Feb 23, 2009
The strike in Guadeloupe is total. The Hayot and Despointes group (known for writing the latest racist declarations) attempted to open up the Carrefour grocery stores in Milenis and Destreland using replacement workers protected by the police. Some bosses made the replacement workers sleep in the store.
But in fact, the bosses have not achieved their goal. Everywhere there are picket lines, visible from the main streets, in front of the factories. Strikers are standing up, vigilant or playing cards in front of the gates.
The workers on strike used their power to close or open factories when they wanted and when it was necessary in order to provide supplies to the population. The workers of the CGTG (General Confederation of Labor of Guadeloupe) at SARA (refineries of Guadeloupe) decided to deliver bottles of cooking gas (there is no city gas in Guadeloupe). During three days last week, the strikers opened up the service stations in order to re-supply people with fuel, while telling people that beginning the following Monday, the stations would again be shut down. At the ports that are on strike, the workers allow only the containers holding urgent supplies, like medical supplies, to be let through.
At the airport, the planes are forced to go to other neighboring islands to refuel, such as to Saint-Martins, Puerto Rico or Antigua.
At the moment this article is written, nothing functions except the distribution of water and electricity, with short and rolling shutdowns of the service. On the other hand, it was discussed on the level of the LKP (the grouping of unions and political organizations organizing the strike) and among the strikers of the General Water Works to not shut off the water supply, even though these city workers are on strike. Since city workers are on strike and public services are not functioning, odors have built up around the piles of garbage. The LKP and striking workers are discussing this problem that is creating a nuisance for the population – which accepted it up until now.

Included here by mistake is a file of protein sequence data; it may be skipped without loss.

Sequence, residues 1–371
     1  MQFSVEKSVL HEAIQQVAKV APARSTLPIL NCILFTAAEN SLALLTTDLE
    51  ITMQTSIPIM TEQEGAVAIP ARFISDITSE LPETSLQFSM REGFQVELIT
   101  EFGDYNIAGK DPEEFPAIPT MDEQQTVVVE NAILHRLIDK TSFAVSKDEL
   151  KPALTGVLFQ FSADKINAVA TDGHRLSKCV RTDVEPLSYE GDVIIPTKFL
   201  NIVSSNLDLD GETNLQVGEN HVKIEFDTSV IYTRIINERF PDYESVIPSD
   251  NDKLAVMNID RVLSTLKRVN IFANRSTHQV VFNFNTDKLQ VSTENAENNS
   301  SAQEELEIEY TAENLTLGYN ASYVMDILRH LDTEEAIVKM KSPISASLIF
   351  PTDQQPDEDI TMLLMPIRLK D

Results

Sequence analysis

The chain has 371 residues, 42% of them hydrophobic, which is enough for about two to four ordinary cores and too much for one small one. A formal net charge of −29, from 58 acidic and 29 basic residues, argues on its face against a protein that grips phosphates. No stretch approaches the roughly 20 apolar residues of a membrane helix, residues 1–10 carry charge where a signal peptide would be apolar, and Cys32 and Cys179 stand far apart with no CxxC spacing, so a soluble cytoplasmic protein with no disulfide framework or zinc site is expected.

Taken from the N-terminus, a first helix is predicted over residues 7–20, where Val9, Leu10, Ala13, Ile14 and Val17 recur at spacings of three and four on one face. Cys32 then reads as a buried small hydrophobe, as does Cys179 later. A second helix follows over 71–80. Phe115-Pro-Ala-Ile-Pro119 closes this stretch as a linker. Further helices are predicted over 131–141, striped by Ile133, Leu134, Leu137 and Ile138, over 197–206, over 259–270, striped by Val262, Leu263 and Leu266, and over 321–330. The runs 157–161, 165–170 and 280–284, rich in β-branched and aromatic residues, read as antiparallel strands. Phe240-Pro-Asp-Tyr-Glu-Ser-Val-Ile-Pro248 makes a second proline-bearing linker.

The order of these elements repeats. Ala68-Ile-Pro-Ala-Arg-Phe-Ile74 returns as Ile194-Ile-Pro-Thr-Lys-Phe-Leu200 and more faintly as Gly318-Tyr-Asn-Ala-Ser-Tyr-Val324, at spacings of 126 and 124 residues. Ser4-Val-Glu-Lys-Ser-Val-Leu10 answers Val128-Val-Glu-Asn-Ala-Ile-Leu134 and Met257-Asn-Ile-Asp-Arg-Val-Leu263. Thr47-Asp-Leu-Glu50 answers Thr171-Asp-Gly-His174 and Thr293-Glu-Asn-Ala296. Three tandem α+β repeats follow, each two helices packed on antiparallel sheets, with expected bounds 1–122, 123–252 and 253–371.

Everywhere, in fact, the striking militants are encouraged by the population. People say to them, “thank you, thank you, for what you are doing for us,” and “finally we have some unity.” When a group of strikers travelled from town to town last week, the populations applauded and greeted the militants of the LKP who spoke to them in meetings of up to 200 people at a time in each area.
Of course, the administrators and elected officials shouted out against what they call “excesses and looting,” etc. Sure, it can be said that some stores have been broken into and looted. But overall, this explosion of anger that has touched all the urban centers shows above all the exasperation of the young people in a country that officially registers nearly 30% unemployment, the majority of whom are young people. One person in six lives below the poverty line, many earning less than minimum wage. What is surprising is that this explosion of anger did not occur before.
The refusal of the bosses, their arrogant attitude looking down on the workers, the lies of government officials like Jégo and Fillon who go back on their promises, only inflame the situation. It is because of this that barricades have been built on all the major roads of Guadeloupe and that the young people have expressed their anger. Condemnations of “excesses”change nothing so long as there is no clear response to the demands of the LKP and of the unions.
The situation will not calm down in Guadeloupe. There is no reason for those who have demonstrated four weeks now – the 10,000 then 20,000 up to 60,000 people in the streets – to agree to stop their movement without receiving more than a little bonus here or there, a few peanuts! They are demanding a real increase in wages, real jobs for those on the edge, reduction of prices on the goods that are part of everyday consumption, another cut in the price of gasoline and fuel oil …
The bosses, and in particular the big bosses, are so voracious and accustomed to being on the hunt, that they have lost their minds. They don’t even realize that their refusal of a wage increase of 200 Euros (260 US dollars) a month is leading them to risk losing much more than that and even to loose their ability in Guadeloupe to continue to carry on business at all.